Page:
My second (real) job suited my teen inclinations perfectly – every day my work attire consisted of a lavalava (wraparound Polynesian sarong). That’s it! No shoes, no shirt, plenty of service to our visitors at the Polynesian Cultural Center. My attire (or lack thereof) presented an opportunity for me to teach visitors to the PCC about our unique Polynesian cultures while simultaneously saving me on laundry charges while I worked on my tan under the Hawaii sun. Certainly when tourists visit the PCC, they don’t want their experience and exposure to the native cultures of Polynesia to be introduced to them by a guy wearing a suit, bow tie and a pair of Oxfords…right?
My very first (real) job was also at the PCC – I worked as a food runner, stocking the buffet line at the Gateway Restaurant. That job required that I wear sensible shoes with good traction, a pair of black slacks and an aloha print, button down shirt. We also wore food service gloves and hair nets. It was my daily uniform. It was inhibiting, hideous and after a long night of bussing tables and running around with pans of food, my clothes were drenched in perspiration but it was necessary because no one wanted to be served food by a kid with sweaty, bare tanned skin…or do they?
Same company; two very different settings; two very distinct dress codes for very specific and practical reasons.
Throughout my professional career I have worked in companies where employees were subject to dress codes outlined by their management teams. In many cases the dress code was catered towards and conducive to the work environment and setting. Often these were very specific and periodically, the dress code was re-evaluated to reflect the times or to address a troubling trend that the company felt did not reflect the company culture.
Many people hate dress codes, mostly because dress codes are restrictive, it hampers their style, flair and creativity. It prevents hipsters from being hip. I get it, I mean, you’re talking to the guy who didn’t wear a shirt to work. But I’m of the opinion that dress codes are necessary, particularly in a professional environment where consumers are expecting certain behaviors from an establishment.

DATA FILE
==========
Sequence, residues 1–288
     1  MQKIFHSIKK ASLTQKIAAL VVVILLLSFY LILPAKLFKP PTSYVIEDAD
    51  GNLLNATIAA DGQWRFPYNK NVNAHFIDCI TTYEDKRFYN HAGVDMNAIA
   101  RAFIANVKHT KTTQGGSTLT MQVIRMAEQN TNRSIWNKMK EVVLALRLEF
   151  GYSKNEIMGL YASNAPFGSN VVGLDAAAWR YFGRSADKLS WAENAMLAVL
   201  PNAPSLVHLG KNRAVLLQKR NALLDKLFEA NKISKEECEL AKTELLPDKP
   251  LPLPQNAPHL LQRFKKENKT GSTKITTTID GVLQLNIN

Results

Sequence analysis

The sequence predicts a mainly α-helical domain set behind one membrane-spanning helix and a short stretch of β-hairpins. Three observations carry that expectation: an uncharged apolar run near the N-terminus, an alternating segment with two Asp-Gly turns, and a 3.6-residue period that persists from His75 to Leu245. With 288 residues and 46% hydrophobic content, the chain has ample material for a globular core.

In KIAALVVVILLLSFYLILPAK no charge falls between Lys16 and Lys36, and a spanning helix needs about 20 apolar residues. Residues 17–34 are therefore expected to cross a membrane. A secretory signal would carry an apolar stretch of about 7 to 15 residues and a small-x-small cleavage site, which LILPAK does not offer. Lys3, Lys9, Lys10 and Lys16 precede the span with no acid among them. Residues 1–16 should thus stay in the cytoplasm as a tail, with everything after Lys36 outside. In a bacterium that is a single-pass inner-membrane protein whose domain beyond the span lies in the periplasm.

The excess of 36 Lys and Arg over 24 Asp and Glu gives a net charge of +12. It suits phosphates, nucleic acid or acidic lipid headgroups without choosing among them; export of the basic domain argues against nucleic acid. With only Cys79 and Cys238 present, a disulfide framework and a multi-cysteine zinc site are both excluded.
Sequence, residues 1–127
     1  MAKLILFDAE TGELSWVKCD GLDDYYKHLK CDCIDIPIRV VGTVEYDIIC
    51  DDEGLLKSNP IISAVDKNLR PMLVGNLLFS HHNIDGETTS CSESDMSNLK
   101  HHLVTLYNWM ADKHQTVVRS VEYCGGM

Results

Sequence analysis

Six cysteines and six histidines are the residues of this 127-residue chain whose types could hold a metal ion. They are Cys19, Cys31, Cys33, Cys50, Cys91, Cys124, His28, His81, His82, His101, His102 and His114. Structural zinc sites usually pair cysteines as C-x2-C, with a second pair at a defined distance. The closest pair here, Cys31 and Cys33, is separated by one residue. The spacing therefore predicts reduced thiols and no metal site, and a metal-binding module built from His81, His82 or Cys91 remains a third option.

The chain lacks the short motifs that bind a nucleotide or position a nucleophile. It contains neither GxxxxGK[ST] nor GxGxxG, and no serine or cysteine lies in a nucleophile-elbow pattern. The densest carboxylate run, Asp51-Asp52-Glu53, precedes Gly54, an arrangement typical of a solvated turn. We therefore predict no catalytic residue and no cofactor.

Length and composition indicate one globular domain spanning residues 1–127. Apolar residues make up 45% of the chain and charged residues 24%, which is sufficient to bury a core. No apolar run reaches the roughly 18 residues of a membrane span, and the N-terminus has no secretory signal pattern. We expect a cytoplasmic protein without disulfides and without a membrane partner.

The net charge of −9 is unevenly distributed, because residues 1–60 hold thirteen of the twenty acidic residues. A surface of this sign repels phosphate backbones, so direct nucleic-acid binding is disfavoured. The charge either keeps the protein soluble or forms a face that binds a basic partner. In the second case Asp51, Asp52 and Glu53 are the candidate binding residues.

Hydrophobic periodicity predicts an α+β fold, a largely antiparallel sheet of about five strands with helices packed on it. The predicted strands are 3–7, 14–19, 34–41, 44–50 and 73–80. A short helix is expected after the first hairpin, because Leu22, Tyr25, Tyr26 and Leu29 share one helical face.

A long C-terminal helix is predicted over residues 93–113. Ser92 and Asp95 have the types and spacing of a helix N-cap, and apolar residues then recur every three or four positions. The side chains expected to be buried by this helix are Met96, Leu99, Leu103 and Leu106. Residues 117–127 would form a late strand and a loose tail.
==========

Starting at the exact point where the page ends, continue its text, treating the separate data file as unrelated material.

Sylvia Stoel is one of those people – she hates dress codes. As an employee of JCPenney, she was asked to go home and change because the shorts she was wearing did not conform to the companies dress policy, not because they were too revealing as many media outlets have reported. Stoel left that day and never returned. She said that she was fed up with dress codes that targeted women and that she was never told during orientation that shorts are not allowed.
A few things to note in this example –
1) JCPenney probably did not do enough to ensure that their employee’s, specifically new hires like Stoel, are aware of the dress code.
2) Stoel should have done more to educate herself about the dress code.
3) Because Stoel did not agree with the dress code, she did the right thing for her – she left the company.
4) Stoel wanted the world to know that she disagreed with the dress code because she took to social media to air her disapproval.
Whether we agree or disagree with dress codes, the truth is they will never go out of fashion – pun intended. Dress codes are in place, not to inhibit a companies employee’s but rather to enhance their workplace, cater to the needs of their customers, create and foster a company culture and in many instances, a dress code is in place for the safety and well-being of its clients and customers.
My advice to those like Stoel who are new to the workplace is this: if you want to wear shorts to work than you need to look at companies and work environments that allow shorts in the workplace. I worked for a very radical start up software company whose CEO allowed shorts because that’s all he wore, even in the winter. The employee’s loved it. I also worked for a software company where we were required to wear a button-down dress shirt and dress slacks but the CEO, a California surf nut, would often comment in company meetings that he wished we could wear shorts every day, but because we had regular visits to our office from current and potential clients, it was important to maintain a professional working environment.
If it makes any difference, I have my own reservations when it comes to dress codes but I understand the business logic that drives these policies. If there ever comes a time when I have to don a shirt and tie again, I may be looking for job opportunities at PPC all over again.